Rainbow Trout Fishing On Kaua‘iManaging our fisheries is critical when it comes to sustainability and ensuring future generations will have fish to catch. But what few may know is Hawaii’s fishery management system extends beyond the Pacific Ocean. For 17 years, a group of dedicated anglers from Hawaii’s freshwater fishing community has been committed to conserving, protecting and restoring trout in Hawaii.
“Yes, we have rainbow trout in Hawaii,” says Wayne Hodges, president of Trout Unlimited-Hawaii. “The trout were introduced in the 1920s in the streams of Koke’e State Park on Kaua’i, and they’re still there today. It’s the only place in Hawaii where trout can survive.”
Trout Unlimited (TU) is a national organization whose mission is managing North America’s cold-water fisheries and their watersheds. TU is made up of 142,000 volunteers in 450 chapters nationwide – including one in Hawaii.
“I helped start Hawaii’s chapter about 17 years ago,” says Deane Gonzalez, who still serves as treasurer of the Waikahe’olu chapter of the nonprofit organization. “I was hiking on Kaua’i with Andy Baker and Dr. Jim DiMarchi, and Dr. DiMarchi said, ‘We don’t have a TU chapter in Hawaii, so why don’t we start one.’ And we did.”
Gonzalez says because trout fishing is limited to only Koke’e, the local chapter, which is made up of about 150 members, takes part in many freshwater fishing community events.
“We’ve worked with a number of different organizations to help address conservation issues,” says Gonzalez. “We’ve cleaned Kaua’i streams by eradicating kahili ginger and other invasive plants, and reintroduced native ones. Part of our goal is to help restore a stream’s normal flow.”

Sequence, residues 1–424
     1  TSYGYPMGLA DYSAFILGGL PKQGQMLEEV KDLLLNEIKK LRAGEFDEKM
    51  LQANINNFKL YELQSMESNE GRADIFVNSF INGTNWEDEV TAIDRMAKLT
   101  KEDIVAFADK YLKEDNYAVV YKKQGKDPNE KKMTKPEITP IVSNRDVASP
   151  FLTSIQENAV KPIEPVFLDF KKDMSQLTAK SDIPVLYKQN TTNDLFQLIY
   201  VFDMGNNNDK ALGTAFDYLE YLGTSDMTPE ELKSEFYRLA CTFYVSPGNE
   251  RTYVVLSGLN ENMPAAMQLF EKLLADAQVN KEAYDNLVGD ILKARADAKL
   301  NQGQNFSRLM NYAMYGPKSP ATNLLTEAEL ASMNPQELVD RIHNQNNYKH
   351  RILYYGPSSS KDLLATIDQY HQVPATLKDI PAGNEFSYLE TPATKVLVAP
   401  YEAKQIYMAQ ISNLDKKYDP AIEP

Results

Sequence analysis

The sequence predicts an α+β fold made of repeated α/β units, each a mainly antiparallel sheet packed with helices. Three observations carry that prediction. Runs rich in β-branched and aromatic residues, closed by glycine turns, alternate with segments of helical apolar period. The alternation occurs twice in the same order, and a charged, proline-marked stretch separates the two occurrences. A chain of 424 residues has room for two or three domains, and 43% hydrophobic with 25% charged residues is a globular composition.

“Last April, we helped clean Nuuanu Stream on Oahu, and we were surprised when we got national recognition in Trout, a quarterly magazine,” says Hodges. “We even received local television coverage and managed to pull a wheelchair out of Queen’s Bath.”
Each year, the state Department of Land and Natural Resources stocks an estimated 15,000 rainbow trout in streams, ditches and reservoirs near Pu’u Lua Reservoir in Koke’e State Park. According to TU-Hawaii, has the biggest trout, some as long as 20 inches. In 2009, 2,691 anglers caught 3,210 trout. The fish that were caught averaged 11.8 inches long and 13.2 ounces.
“Prior to 1992, the state would stock several streams with the trout, but now they stock one reservoir during regulated trout season,” says Gonzalez, who was one of two people who received the 2012 Distinguished Volunteer Award from TU.
Trout fishing is open on Kaua’i from June to September every day from sunrise to sunset. Permits are required for freshwater fishing in Hawaii, and anglers can get them online from the Department of Aquatic Resources. Regular permits are good for one year, and seven-day and 30-day tourist licenses also are available.
Anglers can fish with one pole and line with one baited hook and can take up to seven trout each day. Catch-and-release is the preferred technique, because conditions aren’t favorable for natural reproduction.
“We’re doing our part so others can enjoy trout fishing in Hawaii in the future,” says Hodges.
For more information on the local chapter, go to tuhi.org.
Rally 4 Rainbows Update
Speaking of rainbows, Helemano Elementary School counselor Steve Chinen is moving forward with his grassroots effort to save the Rainbows nickname for University of Hawaii men’s sports. Chinen says he’s received positive feedback from people all across the state.
“I’ve received numerous ‘right-ons’ and other encouraging comments,” says Chinen.
His “Rally 4 Rainbows” is set for Friday, May 3, from 5 to 6:30 p.m. Chinen is asking volunteers and anyone else who is interested to meet on the lawn fronting Bachman Hall on the UH-Manoa campus.
“Bring your voices, your signs and your energy,” says Chinen. “But most importantly, bring your love for our Hawaii nei! Imua Rainbow Warriors!”
For more information on the rally, email Chinen at firstname.lastname@example.org